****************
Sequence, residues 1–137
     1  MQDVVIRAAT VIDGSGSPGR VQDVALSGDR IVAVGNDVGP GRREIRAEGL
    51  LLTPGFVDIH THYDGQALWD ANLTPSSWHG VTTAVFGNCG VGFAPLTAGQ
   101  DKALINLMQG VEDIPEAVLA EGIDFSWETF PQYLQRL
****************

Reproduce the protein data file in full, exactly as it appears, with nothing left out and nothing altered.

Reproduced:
Sequence, residues 1–137
     1  MQDVVIRAAT VIDGSGSPGR VQDVALSGDR IVAVGNDVGP GRREIRAEGL
    51  LLTPGFVDIH THYDGQALWD ANLTPSSWHG VTTAVFGNCG VGFAPLTAGQ
   101  DKALINLMQG VEDIPEAVLA EGIDFSWETF PQYLQRL